A variety of novel research projects across multiple natural science fields, including developmental biology and toxicology, neuroscience and cell biology, physics, and chemistry, will be enabled by the confocal microscope. In particular: the molecular mechanisms underlying the development of two key structures in the zebrafish, the otic vesicle and the swim bladder, will be determined; the characterization of neurons involved in rhythmic motor behaviors will provide a comprehensive understanding of modulatory mechanisms of central pattern generator function across mollusks and other animals; the molecular photophysics of fluorophores used in localization-based nanoscopy will be examined to identify bright fluorophores with on/off switching properties that are optimal for live-cell imaging; and the optical scattering spectra of individual plasmonic gold nanorods and self-assembled nanorod clusters will be studied to determine the extent to which plasmonic effects are the source of experimentally measured nonlinear optical behavior. All proposed projects will engage undergraduate students in the lab, teach them about hypothesis-based research, and train them in critical inquiry across STEM fields. This microscope will be transformative to the research and teaching infrastructure at Bates College and in the State of Maine (an EPSCoR state).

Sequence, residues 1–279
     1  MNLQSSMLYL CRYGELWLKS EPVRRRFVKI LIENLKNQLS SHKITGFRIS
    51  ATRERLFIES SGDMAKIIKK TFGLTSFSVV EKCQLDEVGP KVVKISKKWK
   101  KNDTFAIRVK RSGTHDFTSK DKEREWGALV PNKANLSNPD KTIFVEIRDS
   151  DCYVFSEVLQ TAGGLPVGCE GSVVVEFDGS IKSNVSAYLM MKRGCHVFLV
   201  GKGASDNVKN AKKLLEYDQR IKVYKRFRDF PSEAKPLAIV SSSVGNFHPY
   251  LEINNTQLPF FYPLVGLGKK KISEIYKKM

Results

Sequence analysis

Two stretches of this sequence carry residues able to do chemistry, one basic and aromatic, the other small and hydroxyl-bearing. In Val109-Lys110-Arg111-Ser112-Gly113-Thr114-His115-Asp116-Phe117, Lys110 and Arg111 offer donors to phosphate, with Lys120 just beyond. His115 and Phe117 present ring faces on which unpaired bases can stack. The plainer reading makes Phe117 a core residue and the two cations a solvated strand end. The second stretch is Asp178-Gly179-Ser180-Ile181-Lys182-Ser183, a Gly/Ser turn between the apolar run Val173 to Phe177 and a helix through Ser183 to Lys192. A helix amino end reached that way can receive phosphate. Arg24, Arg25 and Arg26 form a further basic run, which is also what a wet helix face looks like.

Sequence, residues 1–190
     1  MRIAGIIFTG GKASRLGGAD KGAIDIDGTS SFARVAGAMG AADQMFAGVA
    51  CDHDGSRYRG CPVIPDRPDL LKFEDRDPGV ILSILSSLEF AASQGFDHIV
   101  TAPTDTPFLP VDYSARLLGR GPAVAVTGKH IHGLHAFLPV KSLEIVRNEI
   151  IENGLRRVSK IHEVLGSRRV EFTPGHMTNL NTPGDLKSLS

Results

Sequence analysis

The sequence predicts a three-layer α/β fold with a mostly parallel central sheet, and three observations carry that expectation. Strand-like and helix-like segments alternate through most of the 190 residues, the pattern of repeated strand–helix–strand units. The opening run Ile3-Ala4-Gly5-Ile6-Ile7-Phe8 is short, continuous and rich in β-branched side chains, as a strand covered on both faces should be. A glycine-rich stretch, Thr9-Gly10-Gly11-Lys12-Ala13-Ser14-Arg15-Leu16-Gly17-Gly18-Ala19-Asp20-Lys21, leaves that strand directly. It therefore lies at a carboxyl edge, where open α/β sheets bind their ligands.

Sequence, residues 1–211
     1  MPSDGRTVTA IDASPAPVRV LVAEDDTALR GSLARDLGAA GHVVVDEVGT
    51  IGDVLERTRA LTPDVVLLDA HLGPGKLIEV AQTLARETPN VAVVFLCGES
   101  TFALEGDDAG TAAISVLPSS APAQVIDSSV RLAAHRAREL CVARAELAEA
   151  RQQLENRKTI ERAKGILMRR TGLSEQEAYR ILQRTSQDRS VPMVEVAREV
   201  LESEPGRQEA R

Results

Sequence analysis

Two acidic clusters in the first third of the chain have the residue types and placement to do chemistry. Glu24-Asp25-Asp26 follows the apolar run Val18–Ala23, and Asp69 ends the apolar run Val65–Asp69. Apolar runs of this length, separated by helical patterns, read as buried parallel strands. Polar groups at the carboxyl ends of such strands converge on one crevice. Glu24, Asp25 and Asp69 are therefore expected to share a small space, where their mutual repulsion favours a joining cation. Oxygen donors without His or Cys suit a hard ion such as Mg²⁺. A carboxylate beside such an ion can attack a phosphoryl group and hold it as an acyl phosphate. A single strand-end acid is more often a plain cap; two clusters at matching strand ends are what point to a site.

Agency: NSF | Branch: Standard Grant | Program: | Phase: LAW AND SOCIAL SCIENCES | Award Amount: 127.86K | Year: 2016
Eyewitness identification research has examined the extent to which controllable aspects of the justice system can be modified to reduce identification errors and has generated recommendations for lineups and photospreads that reduce the rate of false identifications. Even when recommended procedures are used, however, eyewitnesses still identify innocent people. In the proposed research, we explore whether these eyewitness identification errors are shaped by brief social interactions, defined as any exchange of information between a witness and a co-witness or between a witness and a photospread administrator before the identification procedure begins. Determining whether and the extent to which brief social interactions affect eyewitness decisions -- even when recommended procedures are used -- advances our understanding of how eyewitness decisions are made and contributes to a knowledge base from which specific recommendations will emerge. These might include automated photospread procedures whereby social interactions are minimized or eliminated, and alternative methods of collecting memory information.